Byline: Julie Naughton / with contributions from Alev Aktar

NEW YORK — More than four months after Bristol-Myers Squibb put Matrix Essentials on the block, it has found a buyer: L’Oreal’s Cosmair Professional division.
Cosmair Professional, which already owns two other salon brands — Redken Fifth Avenue and L’Oreal Professionnel — signed a letter of intent to acquire Matrix late Monday. While the purchase price was not disclosed, industry sources estimated that it topped $500 million.
Matrix, which did $342 million in sales in 1999, is reportedly the U.S.’s largest salon products company. Based in Solon, Ohio, it produces beauty products — including shampoos, conditioners, styling products, hair color, skin care and color cosmetics — exclusively for the salon industry.
Bristol-Myers said on Jan.6 that it was selling Matrix in order to concentrate on its Clairol retail and professional brands. Matrix, acquired by Bristol-Myers in August 1994 for an estimated $400 million, was founded in 1980 by Cleveland-based salon owners Sydell and Arnold Miller.
“It’s extremely exciting for us,” said Jim Morrison, president of Cosmair Professional, to whom Matrix staff will report. “It strengthens our position in salons both domestically and globally.”
Morrison said that once the deal was done, Matrix would be run as a separate business entity in the Cosmair Professional division. “When you have two brands as unique and with the kind of heritage that Matrix and Redken do, it only makes sense to keep them separate and emphasize their strengths,” said Morrison.
While earlier in the year Henkel, Wella and Alberto-Culver had all been rumored to be interested in buying Matrix, most sources said they weren’t surprised to hear that Matrix had gone to Cosmair.
One source pointed out that the deal would give Cosmair a strong professional wet line — basically defined as a group of shampoos, conditioners and basic styling products — with Matrix’s Systeme Biolage, which did an estimated $100 million in sales last year. Cosmair Professional is thought to be stronger in color than in wet lines.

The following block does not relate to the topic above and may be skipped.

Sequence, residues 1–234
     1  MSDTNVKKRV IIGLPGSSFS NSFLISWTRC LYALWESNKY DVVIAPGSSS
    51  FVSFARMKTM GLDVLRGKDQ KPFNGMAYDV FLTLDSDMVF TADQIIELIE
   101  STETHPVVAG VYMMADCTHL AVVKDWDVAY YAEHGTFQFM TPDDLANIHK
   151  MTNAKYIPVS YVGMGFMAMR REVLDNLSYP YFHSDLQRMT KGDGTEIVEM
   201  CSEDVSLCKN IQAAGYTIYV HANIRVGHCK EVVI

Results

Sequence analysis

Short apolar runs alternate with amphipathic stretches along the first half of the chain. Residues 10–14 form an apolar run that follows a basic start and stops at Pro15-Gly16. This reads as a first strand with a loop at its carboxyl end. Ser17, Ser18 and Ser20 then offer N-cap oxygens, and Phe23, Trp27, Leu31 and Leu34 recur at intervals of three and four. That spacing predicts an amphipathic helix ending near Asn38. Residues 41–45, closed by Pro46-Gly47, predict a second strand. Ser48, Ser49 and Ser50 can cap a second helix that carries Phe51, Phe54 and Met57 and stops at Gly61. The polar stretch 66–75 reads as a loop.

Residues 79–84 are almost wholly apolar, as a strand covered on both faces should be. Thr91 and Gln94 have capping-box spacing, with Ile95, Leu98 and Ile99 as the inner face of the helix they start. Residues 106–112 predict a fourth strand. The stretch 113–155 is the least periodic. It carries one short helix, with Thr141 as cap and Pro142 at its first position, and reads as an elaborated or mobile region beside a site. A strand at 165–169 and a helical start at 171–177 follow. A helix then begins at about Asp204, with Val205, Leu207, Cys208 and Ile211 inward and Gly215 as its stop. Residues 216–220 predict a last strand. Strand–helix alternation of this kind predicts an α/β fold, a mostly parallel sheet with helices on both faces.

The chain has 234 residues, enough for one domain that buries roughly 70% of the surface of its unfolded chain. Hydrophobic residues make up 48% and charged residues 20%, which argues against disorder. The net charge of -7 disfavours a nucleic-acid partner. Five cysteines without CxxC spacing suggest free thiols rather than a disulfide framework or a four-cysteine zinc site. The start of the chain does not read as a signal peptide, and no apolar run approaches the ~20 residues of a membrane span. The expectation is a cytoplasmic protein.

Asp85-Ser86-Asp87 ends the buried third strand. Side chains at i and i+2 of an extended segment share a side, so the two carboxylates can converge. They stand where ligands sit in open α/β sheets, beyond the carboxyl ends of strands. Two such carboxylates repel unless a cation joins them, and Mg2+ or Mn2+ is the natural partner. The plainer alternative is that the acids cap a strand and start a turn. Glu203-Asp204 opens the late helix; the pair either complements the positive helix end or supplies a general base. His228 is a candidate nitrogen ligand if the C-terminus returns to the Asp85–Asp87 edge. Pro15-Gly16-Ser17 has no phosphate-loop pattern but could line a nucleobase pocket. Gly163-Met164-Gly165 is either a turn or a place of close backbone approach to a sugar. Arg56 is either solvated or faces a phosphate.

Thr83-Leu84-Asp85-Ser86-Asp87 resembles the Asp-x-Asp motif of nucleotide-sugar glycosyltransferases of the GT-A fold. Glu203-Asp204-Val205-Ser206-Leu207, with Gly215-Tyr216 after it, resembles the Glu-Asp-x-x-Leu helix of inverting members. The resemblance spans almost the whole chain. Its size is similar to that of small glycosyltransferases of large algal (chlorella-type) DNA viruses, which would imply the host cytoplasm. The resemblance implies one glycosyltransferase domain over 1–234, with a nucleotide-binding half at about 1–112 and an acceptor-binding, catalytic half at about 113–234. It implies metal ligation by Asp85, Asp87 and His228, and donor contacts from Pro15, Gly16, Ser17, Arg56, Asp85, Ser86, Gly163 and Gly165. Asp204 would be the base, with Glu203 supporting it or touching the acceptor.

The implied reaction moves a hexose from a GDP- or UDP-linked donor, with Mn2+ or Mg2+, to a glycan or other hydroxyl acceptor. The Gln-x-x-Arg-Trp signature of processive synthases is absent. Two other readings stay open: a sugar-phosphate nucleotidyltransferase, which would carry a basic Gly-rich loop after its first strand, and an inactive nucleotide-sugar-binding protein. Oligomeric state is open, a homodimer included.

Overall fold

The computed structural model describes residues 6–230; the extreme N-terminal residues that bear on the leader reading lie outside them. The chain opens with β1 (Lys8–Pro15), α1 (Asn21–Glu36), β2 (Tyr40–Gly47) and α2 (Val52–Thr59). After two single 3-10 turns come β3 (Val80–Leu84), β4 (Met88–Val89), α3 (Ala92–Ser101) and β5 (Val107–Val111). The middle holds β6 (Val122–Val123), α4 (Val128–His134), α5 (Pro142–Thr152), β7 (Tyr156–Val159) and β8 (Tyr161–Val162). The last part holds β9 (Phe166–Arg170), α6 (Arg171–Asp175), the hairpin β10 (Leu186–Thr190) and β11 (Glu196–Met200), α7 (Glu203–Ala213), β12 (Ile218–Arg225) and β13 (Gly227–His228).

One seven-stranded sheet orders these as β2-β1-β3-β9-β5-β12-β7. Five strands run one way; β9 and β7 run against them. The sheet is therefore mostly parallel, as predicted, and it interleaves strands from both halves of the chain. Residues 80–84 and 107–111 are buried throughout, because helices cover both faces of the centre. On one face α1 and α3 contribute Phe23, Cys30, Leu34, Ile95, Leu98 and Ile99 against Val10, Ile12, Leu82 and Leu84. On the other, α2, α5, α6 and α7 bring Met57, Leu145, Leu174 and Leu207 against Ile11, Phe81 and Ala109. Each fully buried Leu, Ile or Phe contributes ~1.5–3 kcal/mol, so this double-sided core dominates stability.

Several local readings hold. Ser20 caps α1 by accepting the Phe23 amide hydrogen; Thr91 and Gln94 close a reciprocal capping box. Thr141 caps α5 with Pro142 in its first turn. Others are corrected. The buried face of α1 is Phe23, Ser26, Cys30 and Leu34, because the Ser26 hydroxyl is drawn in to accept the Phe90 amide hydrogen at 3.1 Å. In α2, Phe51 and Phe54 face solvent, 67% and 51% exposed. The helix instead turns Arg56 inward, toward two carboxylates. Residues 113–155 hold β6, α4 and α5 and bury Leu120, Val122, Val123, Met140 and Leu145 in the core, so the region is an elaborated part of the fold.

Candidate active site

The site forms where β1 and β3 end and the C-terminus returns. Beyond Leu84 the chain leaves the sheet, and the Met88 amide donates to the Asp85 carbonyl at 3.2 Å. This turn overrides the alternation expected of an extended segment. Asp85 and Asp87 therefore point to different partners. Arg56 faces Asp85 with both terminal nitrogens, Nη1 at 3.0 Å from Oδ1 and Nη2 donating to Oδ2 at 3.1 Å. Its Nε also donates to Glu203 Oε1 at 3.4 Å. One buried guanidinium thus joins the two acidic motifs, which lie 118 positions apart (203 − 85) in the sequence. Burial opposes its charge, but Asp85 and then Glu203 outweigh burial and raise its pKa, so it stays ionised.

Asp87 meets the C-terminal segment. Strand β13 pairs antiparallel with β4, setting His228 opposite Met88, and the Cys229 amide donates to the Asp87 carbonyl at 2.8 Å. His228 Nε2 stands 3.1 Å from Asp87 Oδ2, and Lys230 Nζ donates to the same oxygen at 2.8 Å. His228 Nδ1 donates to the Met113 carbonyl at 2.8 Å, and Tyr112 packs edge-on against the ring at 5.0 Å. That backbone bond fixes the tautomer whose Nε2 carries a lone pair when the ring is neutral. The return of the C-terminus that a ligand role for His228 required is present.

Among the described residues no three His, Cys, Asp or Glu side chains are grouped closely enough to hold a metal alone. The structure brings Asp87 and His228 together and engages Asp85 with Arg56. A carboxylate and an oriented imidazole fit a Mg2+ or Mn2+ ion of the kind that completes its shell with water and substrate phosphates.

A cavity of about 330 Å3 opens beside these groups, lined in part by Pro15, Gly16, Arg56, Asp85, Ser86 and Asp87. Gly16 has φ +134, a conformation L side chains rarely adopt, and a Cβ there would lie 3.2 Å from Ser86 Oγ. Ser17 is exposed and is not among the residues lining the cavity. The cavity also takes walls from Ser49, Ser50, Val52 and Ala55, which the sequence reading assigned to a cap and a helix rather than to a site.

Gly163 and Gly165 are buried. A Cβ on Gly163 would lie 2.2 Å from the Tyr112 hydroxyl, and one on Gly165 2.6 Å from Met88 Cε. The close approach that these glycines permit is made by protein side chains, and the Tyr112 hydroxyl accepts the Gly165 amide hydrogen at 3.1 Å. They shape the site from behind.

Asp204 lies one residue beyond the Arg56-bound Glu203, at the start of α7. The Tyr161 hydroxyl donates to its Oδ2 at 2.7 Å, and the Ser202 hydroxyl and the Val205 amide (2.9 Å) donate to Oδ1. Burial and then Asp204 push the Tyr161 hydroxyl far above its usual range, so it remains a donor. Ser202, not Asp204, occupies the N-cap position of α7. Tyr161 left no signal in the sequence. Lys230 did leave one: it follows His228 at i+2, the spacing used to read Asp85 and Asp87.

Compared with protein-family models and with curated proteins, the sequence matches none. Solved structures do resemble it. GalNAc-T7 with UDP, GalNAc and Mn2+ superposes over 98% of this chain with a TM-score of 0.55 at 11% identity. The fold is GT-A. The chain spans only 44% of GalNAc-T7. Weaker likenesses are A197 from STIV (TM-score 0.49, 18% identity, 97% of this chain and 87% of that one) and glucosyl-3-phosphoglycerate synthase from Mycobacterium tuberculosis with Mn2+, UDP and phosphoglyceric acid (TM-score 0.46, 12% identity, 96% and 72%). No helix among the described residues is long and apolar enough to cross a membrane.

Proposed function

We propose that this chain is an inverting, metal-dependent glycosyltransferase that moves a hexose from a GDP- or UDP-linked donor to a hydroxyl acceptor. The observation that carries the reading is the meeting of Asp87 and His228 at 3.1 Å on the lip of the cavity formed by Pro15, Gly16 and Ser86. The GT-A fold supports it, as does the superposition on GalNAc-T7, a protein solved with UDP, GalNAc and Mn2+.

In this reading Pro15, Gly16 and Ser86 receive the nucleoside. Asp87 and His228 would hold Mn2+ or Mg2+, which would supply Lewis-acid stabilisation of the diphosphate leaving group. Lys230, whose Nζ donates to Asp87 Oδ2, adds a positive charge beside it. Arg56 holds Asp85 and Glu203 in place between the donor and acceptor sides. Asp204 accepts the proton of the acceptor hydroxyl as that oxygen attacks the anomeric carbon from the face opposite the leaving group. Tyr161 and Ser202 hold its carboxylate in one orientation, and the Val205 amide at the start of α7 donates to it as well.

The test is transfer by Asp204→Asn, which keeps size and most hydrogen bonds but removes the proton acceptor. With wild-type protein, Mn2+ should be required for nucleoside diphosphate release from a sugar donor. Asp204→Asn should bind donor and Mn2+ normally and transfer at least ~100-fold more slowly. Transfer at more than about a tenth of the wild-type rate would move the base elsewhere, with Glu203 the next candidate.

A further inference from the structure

“With this deal, you’re getting the number one and the number two professional hair care brands merging,” said another hair care executive. “They may now control 25 percent or more of the professional hair care market with Matrix and Redken. They will have tremendous critical mass, and costs could well drop due to the economies of scale.”
Morrison had nothing bad to say about how Bristol-Myers has handled the brand. “We’ve admired Matrix for many years,” he said. “As far as building it, we’re looking forward, not backward. We feel that Matrix has some strong brand names, such as SoColor, OptiCurl, and of course, Biolage. We also believe it has incredibly strong goodwill. We want to maximize that goodwill and those brands.”
Some industry executives are of the opinion that Matrix had lost some of its luster after the Millers sold the firm to Bristol-Myers in 1994. “Bristol-Myers sent in a great management team, but they lost something of the personal touch that is so important in the salon industry,” said an executive. Others said that Bristol-Myers may have tried to grow Matrix too quickly, especially internationally. While the company has had limited success in Europe — particularly in the U.K. and in Italy — it reportedly hasn’t achieved universal success worldwide.
But Morrison isn’t worried about L’Oreal’s ability to build Matrix worldwide. “You have to look at the strength of the L’Oreal Coiffure business worldwide,” he pointed out. “We already do business with salons in 100 countries. That gives us a strong step forward in the the globalization process for this brand.”
Industry consultant Allan Mottus argued that Matrix is a better fit with L’Oreal than with Bristol-Myers. “Matrix is a much more entrepreneurial company than what Bristol-Myers is used to running. It’s more like a department store business: It has different product categories and entrepreneurially they have to deal with a lot of salon owners and distributors. Its profile fits L’Oreal better.”